There's no rest for the wicked, and romance scam artists are constantly hard at work trying to separate lonely victims from their hard-earned funds.
But actually telling scammers apart from innocent people in need can be nerve-wracking. So, the Federal Trade Commission is here to help.
The FTC has compiled a list of the most common tricks that scammers use to establish a romantic connection. It's based on keyword analysis conducted on thousands of reports from 2022, thanks to work from the FTC's Consumer Sentinel Network.
Last year, nearly 70,000 victims reported romance scams. Be on the lookout for those with sick relatives, jobs on oil rigs, and a lot more.
“Someone Close to Me Is Sick, Hurt, or in Jail”
Scammers trying to create a romantic connection with their victim don't have a lot of time. They need to open with a line that will instantly hook someone, and get them to keep responding. Then, once they have someone to talk to, they can steadily get closer over a long period of time.
Finally, they'll be able to rely on that connection to ask for money, which they'll likely keep doing as long as they can. So what lines can reel in the most victims?
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Likely something related to financial hardships — whether they claim to be facing one themselves, or claim to be able to help their victim avoid one. The most common line, used nearly a quarter (24%) of the time, is “I or someone close to me is sick, hurt, or in jail.”
Here are all of the top eight most frequently used lines, as determined by a study of over 8,000 romance scam reports from last year:
“I'm on an Oil Rig”
You might expect to hear about a fake occupation from a romance scammer — and you keep an eye out for two in particular: A soldier at a far-off military post, or someone on an oil rig.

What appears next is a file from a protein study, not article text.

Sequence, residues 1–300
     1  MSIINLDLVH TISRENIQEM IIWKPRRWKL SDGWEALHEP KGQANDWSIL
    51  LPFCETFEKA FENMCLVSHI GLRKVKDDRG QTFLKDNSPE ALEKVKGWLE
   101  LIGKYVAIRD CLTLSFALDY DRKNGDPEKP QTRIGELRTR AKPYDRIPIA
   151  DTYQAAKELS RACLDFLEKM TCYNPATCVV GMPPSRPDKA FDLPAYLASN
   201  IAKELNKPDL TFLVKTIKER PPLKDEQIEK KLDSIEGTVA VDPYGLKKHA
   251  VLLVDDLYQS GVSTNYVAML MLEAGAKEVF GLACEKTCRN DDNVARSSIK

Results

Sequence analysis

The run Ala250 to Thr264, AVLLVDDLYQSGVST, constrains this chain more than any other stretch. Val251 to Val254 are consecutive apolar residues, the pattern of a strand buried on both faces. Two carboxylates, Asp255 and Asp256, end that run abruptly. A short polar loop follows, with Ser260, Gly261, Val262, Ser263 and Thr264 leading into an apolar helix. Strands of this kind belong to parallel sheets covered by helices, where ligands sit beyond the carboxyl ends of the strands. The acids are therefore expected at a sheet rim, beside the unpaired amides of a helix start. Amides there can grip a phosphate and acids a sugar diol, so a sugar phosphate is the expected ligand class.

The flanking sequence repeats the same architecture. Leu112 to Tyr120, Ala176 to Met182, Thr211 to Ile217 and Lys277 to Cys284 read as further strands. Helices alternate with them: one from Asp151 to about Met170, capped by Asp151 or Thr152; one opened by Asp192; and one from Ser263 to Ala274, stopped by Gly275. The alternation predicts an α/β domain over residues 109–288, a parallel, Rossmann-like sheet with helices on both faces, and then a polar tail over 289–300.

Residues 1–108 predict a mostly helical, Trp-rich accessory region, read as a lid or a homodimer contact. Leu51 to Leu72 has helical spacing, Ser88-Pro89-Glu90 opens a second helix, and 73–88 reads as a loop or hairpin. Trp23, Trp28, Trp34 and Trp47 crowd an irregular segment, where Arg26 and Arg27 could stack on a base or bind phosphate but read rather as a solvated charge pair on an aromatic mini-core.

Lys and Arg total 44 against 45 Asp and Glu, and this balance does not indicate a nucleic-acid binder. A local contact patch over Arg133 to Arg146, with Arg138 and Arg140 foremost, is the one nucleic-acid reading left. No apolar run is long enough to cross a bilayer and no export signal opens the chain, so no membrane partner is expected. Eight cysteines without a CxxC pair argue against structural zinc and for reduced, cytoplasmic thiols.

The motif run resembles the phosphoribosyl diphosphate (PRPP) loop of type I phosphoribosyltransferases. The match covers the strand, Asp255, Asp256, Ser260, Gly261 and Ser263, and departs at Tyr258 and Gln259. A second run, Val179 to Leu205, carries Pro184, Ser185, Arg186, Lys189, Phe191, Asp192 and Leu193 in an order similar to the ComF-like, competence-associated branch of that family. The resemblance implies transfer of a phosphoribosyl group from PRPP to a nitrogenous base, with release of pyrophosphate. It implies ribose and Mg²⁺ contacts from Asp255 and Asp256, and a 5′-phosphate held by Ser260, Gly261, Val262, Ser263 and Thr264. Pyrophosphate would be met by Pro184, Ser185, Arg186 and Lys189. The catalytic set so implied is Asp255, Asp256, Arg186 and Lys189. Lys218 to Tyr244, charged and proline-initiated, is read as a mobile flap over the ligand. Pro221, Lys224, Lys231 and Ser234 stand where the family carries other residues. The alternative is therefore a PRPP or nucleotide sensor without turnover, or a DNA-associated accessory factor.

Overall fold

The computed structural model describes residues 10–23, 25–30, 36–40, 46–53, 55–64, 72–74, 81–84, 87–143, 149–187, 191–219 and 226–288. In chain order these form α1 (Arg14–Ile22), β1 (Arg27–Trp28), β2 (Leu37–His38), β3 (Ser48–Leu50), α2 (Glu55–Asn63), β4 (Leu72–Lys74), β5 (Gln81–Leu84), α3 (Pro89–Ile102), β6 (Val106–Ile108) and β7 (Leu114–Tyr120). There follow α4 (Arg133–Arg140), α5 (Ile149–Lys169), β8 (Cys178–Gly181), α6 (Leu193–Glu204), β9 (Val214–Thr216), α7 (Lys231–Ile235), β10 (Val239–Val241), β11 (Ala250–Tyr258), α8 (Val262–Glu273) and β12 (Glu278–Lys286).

Why? Because picking these occupations makes it easier to a romance scammer to explain why they're never able to actually visit. The scammer can then debut a sick relative down the road, giving them an excuse to shake down a victim.
Romance scam losses in 2022 alone added up to a whopping $1.3 billion, with the median amount reported coming in at $4,400.
Common ways a scammer might contact a victim include social media (40% of reported incidents) as well as a dating website or app (19%). When they ask for money, they'll likely suggest a cryptocurrency exchange or a bank transfer, although they may go for gift cards instead.
Top Tips for Spotting Romance Scammers
But not everyone who texts you to chat will be a scammer. So how can you actually tell who's who? The FTC has a checklist of suggestions that can help anyone with a shred of doubt about the intentions of the person they're texting.
According to the FTC, these four tips will help you judge:
- Nobody legit will ever ask you to help—or insist that you invest— by sending cryptocurrency, giving the numbers on a gift card, or by wiring money. Anyone who does is a scammer.
- If someone tells you to send money to receive a package, you can bet it’s a scam.
- Talk to friends or family about a new love interest and pay attention if they’re concerned.
- Try a reverse image search of profile pictures. If the details don’t match up, it’s a scam.
Stay safe, and remember: Don't give money to anyone on an oil rig.